SOURCE: News release from Indiana State Department of Health
INDIANAPOLIS — The Centers for Disease Control and Prevention (CDC) has updated its quarantine guidance for people exposed to COVID-19, providing two options for shortening the standard 14-day quarantine period.
A person who has been exposed to and is identified as a close contact of an individual who tests positive for COVID-19 is required to quarantine, which involves staying home and away from other people, for a designated period in order to prevent further spread of disease. The CDC guidance, which is posted here, retains the option of a 14-day quarantine but allows people who do not have symptoms to reduce their quarantine to seven or 10 days, depending on whether they get tested.
Under the revised guidance:
- Quarantine can end after 10 days if the person has not developed any symptoms. A test is not required.
- Quarantine can end after seven days if the person tests negative for COVID-19 on day five, six or seven of the quarantine and has not developed any symptoms.
Both alternatives require that the person adhere to strict practices of masking, social distancing, handwashing and watching for any symptoms through day 14. They also require daily monitoring for symptoms.
State Health Commissioner Kris Box, M.D., FACOG, said the shorter quarantine periods will lessen the disruptions on schools and workplaces by allowing students, teachers and other key workers to return sooner.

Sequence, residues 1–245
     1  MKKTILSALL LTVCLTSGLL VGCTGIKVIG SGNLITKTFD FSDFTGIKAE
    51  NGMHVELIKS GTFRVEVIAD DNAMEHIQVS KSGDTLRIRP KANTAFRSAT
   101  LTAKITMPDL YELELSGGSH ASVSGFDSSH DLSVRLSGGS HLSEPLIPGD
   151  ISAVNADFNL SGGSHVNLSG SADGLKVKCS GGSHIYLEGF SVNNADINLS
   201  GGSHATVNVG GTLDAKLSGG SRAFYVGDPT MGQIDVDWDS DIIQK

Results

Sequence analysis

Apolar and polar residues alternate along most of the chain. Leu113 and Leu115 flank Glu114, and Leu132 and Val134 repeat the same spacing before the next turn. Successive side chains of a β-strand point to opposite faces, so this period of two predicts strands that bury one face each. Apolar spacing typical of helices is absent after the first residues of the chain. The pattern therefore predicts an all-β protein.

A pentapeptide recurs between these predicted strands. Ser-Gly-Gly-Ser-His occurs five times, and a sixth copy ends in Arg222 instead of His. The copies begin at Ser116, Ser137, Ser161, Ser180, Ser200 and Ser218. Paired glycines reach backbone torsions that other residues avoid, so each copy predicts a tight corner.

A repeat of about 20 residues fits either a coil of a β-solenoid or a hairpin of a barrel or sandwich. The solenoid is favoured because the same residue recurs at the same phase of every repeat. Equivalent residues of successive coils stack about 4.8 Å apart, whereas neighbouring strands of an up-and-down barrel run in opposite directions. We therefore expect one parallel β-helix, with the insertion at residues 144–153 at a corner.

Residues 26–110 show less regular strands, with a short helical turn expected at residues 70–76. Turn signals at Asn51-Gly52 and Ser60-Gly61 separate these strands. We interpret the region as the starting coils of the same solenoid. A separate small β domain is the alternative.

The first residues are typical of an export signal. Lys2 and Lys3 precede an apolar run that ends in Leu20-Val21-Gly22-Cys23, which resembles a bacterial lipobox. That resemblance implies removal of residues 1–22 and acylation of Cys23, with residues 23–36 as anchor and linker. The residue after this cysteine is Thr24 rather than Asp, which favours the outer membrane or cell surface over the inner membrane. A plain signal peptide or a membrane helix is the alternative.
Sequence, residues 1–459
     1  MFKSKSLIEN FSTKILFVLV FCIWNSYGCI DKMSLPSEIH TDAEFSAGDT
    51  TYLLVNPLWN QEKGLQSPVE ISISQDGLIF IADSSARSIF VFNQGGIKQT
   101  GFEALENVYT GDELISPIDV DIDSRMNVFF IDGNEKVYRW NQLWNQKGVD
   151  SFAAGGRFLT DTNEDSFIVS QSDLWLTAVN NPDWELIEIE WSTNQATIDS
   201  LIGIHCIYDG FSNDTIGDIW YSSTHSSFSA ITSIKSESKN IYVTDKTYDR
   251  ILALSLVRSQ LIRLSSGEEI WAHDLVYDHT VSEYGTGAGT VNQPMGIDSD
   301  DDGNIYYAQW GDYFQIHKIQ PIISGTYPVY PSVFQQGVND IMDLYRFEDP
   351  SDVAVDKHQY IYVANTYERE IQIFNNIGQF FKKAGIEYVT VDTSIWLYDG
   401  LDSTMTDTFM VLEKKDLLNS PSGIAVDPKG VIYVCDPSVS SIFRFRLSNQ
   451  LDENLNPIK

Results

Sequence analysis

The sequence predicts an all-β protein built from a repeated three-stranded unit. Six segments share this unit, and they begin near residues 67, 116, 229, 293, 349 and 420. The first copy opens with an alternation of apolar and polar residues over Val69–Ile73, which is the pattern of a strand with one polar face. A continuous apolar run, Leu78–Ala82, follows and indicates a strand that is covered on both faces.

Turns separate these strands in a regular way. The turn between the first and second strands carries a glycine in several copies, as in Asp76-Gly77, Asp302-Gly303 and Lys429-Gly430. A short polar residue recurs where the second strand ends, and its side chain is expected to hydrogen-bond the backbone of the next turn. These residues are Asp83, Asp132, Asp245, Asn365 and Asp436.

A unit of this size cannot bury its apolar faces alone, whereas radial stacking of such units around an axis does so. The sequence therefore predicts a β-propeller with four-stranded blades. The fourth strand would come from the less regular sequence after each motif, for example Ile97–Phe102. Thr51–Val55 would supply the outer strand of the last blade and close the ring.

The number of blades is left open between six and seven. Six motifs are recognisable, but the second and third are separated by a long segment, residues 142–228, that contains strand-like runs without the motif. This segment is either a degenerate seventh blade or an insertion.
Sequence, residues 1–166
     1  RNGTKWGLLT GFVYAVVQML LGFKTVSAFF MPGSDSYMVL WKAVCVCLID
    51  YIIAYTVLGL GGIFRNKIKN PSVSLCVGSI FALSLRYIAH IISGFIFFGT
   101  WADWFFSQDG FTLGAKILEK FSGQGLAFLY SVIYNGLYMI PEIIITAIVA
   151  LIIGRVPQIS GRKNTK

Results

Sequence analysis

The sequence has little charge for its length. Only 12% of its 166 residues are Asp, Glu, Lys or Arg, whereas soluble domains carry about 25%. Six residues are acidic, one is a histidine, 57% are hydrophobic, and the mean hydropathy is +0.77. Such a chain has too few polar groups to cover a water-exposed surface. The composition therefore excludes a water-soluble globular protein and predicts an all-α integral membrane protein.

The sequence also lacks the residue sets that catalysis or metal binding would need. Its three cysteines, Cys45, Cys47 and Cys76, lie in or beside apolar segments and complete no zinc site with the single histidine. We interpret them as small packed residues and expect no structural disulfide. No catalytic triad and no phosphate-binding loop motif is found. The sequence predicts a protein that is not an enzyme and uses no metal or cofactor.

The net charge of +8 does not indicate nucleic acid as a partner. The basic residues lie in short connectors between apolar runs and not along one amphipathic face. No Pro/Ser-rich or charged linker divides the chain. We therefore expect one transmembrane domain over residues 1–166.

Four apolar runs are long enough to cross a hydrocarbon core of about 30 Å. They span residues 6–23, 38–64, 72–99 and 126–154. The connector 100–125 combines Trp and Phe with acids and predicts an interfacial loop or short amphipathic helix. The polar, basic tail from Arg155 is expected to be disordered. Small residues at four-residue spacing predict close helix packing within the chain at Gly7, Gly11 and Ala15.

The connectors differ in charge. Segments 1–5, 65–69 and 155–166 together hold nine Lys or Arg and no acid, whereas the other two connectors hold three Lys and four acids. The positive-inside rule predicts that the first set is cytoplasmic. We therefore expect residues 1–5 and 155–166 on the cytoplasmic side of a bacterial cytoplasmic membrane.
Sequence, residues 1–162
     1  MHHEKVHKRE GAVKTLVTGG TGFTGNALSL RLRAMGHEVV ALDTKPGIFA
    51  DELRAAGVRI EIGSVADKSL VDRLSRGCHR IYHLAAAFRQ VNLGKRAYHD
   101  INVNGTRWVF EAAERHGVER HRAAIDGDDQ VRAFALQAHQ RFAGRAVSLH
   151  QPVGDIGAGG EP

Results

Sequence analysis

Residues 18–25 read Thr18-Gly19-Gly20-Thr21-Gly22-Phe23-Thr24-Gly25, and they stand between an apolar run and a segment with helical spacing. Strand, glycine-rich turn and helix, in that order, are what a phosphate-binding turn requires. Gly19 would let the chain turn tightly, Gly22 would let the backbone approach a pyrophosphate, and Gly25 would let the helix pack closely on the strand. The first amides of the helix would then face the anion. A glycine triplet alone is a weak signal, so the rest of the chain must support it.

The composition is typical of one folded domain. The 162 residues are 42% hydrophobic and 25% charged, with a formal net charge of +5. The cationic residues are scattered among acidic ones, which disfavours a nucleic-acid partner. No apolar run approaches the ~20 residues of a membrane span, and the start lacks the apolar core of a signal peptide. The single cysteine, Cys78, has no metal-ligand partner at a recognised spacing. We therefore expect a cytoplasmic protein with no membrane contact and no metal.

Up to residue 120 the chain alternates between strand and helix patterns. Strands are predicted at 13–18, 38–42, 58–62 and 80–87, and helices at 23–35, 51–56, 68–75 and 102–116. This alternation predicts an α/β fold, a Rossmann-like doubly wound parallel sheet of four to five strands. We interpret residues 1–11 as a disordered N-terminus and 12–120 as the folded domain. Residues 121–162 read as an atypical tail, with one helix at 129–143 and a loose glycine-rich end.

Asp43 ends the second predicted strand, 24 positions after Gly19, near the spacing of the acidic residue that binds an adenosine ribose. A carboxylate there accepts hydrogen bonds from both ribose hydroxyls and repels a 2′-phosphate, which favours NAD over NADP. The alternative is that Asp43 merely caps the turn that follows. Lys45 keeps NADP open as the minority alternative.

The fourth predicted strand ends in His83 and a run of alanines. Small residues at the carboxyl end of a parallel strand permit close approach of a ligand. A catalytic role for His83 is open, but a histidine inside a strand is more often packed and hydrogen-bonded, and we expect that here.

However, she urged Hoosiers to complete the 10-day quarantine to avoid further increasing demand for testing.
“Our testing volume across the state has increased significantly, which has strained our laboratory system and extended the time Hoosiers are waiting for results,” Box said. “If you know you have been exposed to COVID-19 but don’t have symptoms, please quarantine for 10 days and save that test for a symptomatic individual who needs results quickly.”
Box noted that while the risk of transmitting COVID-19 at day seven or 10 is low, it is not zero, and the 14-day quarantine may still be the best option for some Hoosiers.
“If you have a job that allows you to work from home just as efficiently as you do in the office, or if you work with vulnerable populations such as cancer patients, please complete the 14 days of quarantine to further reduce any risk that you can spread COVID-19 to someone else,” she said.
For more information about COVID-19, visit www.coronavirus.in.gov.